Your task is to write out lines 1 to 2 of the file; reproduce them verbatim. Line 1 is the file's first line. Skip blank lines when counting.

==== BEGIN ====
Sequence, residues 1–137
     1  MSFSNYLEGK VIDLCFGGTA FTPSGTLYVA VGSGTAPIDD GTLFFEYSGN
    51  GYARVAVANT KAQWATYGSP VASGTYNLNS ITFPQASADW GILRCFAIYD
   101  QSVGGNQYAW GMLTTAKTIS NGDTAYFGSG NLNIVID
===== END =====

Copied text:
Sequence, residues 1–137
     1  MSFSNYLEGK VIDLCFGGTA FTPSGTLYVA VGSGTAPIDD GTLFFEYSGN